Biometrics on portable devices
Posted by aogMonday, 23 September 2013 at 14:46 TrackBack Ping URL

I was discussing the new fingerprint technology for the iPhone with SWIPIAW because she’s a computer security expert and that’s how we roll with our pillow talk.

One thing she pointed out that I had not realized is that it is in fact very hard to secure biometric information. For a password or key phrase, you get it right or you don’t. Only exact matches count. For this reason you can encrypt the actual plain text and compare only the encrypted version of the user input to that. There is no need to store the actual password so even if the device is stolen, retrieving the password is difficult.

Biometrics are quite different in that, being biological, things are never quite the same. Therefore you have to compare the key data with the input data to see if they are close enough. You can’t encrypt it because the whole point of an encryption algorithm is to scatter the input, to make sure that two inputs that are “close” end up “far away” after being encrypted.

The result here is that if you use biometrics, stealing the device easily gets you the raw biometric data, from which you can may be able to construct a facsimile for use elsewhere. Moreover, unless you want your biometric data stored everywhere, remote systems must depend on the physical device (the iPhone) to do the verification. That means physical possession is enough, the software can easily be hacked in that situation to send “it’s really him” regardless of the input or without any input at all.

On the other hand, SWIPIAW points out that many (most?) cell phone users both store sensitive data on their phones and use no security at all. Biometric may be weak, but at least it’s something so this may improve the over all security situation.

Comments — Formatting by Textile
Clovis Sunday, 29 September 2013 at 20:01

May I suggest that use of both (fingerprint and separate password) at same time looks a better idea?

Annoying Old Guy Sunday, 29 September 2013 at 23:26

Does it? What benefit does the fingerprint bring beyond the password?

Clovis Monday, 30 September 2013 at 05:45

Well, it is one more layer of security, isn’t it?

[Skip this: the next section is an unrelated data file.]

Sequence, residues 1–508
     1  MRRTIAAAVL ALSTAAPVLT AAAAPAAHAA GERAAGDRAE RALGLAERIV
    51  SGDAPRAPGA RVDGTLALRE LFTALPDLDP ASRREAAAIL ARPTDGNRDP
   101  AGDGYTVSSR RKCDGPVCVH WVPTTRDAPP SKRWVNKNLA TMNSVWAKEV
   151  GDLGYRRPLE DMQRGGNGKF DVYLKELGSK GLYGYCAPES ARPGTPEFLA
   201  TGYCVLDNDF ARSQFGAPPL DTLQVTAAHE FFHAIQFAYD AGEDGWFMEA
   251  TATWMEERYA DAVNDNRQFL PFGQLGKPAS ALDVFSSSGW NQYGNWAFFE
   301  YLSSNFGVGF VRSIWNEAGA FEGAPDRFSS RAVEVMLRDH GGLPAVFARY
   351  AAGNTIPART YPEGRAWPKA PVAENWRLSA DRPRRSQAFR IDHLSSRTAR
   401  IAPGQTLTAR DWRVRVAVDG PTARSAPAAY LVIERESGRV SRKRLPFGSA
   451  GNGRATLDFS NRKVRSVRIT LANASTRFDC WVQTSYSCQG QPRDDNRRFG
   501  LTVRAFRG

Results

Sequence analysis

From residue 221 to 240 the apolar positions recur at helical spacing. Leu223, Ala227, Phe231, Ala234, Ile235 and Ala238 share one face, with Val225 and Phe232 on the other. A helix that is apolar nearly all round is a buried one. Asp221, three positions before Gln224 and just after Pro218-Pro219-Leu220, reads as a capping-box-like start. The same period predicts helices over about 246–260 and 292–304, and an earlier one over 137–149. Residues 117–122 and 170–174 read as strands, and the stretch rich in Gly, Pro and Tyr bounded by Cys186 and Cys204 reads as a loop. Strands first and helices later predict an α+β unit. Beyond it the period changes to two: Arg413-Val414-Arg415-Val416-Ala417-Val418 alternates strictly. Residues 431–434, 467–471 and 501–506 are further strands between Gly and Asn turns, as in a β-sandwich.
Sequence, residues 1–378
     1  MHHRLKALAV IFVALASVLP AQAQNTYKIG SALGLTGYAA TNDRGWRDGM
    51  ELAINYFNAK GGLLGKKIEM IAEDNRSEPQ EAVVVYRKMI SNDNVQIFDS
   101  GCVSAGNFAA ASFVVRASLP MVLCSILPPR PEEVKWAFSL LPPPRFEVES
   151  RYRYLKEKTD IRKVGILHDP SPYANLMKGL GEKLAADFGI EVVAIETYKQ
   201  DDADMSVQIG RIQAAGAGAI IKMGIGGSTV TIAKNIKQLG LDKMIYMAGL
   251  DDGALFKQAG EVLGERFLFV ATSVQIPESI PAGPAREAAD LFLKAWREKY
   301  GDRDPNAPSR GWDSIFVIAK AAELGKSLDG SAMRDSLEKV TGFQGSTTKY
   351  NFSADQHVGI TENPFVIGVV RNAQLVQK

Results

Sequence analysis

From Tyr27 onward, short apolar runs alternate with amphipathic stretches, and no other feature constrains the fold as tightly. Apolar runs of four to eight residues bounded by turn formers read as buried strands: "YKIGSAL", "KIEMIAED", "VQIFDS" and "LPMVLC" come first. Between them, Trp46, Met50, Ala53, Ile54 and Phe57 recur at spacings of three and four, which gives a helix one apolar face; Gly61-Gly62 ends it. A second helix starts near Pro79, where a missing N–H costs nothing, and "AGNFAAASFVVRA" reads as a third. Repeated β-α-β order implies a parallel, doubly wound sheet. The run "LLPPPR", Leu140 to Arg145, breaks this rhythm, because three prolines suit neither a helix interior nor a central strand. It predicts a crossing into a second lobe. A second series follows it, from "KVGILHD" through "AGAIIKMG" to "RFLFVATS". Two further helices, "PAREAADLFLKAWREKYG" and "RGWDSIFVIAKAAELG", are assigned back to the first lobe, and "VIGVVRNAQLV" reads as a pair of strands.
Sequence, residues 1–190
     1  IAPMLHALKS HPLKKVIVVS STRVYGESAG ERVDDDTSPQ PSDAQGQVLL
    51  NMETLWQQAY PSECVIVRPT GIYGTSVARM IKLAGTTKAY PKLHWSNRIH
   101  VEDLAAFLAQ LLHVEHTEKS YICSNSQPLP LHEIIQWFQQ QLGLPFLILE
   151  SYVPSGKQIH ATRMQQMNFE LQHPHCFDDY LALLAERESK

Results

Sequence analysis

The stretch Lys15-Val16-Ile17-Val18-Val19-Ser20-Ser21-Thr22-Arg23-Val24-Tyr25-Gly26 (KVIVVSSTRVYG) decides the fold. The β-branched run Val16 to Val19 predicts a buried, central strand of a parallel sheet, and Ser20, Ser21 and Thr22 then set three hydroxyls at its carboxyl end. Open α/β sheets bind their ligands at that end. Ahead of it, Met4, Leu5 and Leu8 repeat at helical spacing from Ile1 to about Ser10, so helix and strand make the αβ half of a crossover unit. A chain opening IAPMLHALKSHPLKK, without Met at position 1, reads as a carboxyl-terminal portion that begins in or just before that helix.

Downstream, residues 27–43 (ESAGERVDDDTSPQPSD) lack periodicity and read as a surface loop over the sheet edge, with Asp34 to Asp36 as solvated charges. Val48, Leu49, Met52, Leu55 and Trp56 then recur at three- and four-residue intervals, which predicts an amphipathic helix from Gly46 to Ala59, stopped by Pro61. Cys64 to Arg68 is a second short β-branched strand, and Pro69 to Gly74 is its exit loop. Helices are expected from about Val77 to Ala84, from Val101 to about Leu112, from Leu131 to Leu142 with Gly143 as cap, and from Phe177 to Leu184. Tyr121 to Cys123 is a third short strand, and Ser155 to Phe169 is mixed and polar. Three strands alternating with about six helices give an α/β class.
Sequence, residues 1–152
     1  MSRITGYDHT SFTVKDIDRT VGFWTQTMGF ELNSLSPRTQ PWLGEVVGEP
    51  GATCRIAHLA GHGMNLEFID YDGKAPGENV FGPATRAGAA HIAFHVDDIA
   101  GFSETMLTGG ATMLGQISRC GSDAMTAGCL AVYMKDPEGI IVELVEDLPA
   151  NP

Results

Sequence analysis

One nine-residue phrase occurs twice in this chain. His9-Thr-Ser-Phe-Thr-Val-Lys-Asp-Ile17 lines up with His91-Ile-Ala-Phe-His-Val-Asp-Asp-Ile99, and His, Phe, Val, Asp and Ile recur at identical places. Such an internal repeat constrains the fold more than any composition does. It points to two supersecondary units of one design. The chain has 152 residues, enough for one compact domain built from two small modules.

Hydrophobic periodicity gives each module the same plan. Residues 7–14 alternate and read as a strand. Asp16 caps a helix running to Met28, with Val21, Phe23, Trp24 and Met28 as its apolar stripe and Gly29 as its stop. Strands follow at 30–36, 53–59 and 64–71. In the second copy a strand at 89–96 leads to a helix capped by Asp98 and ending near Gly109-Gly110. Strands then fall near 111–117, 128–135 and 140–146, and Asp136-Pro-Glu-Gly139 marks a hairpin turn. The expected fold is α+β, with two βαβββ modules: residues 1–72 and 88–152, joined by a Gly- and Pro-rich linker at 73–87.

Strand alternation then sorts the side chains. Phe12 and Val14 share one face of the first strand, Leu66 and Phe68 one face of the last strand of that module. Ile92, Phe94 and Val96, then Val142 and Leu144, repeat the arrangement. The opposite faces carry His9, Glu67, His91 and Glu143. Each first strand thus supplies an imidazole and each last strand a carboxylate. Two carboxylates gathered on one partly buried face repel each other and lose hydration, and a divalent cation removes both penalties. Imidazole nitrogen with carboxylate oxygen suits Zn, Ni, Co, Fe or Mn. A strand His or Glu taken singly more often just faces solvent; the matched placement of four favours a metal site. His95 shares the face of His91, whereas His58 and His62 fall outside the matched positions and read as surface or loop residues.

Annoying Old Guy Monday, 30 September 2013 at 07:45

Security is not additive. You don’t get more security just by layering on more of it.

Clovis Monday, 30 September 2013 at 09:41

That does not look obvious to me.

If I add one more locked door before you can reach a room, why is it not more security?

Annoying Old Guy Monday, 30 September 2013 at 13:39

Because what you’re really doing is a putting the equivalent of a realtor’s lock on the first lock, where get the key to first lock after you pick the first. The whole point of the original post is that with biometrics, you must store the key data on the device.

Clovis Monday, 30 September 2013 at 15:36

Well, AFAIK the whole point of using fingerprints is to make sure that the person is there, well, in person. Right?

So the problem here is that you do not trust to let your fingerprints everywhere, hence you want to store it in the cellphone - from where it can be stolen.

But if you ever visited buildings where they ask for your fingerprint - we have many in Brazil, given our highly insecure society - you’ll notice you do not have that option. You need to put your finger in their machine. Hence, no need to worry about storing it in your cellphone.

If, other than your fingerprints, they also ask for a password, I can only see it as “adding” another real layer of security.

Annoying Old Guy Monday, 30 September 2013 at 16:17

store it in the cellphone - from where it can be stolen.

You’re missing the point — it’s not about stealing the finger print data from the cell phone, it’s that if the cell phone is stolen, so is the finger print data so that data no longer protects the cell phone.

Clovis Monday, 30 September 2013 at 16:27

Hmm, OK, I missed your point from the begin then. I was thinking about fingerprint use in general.

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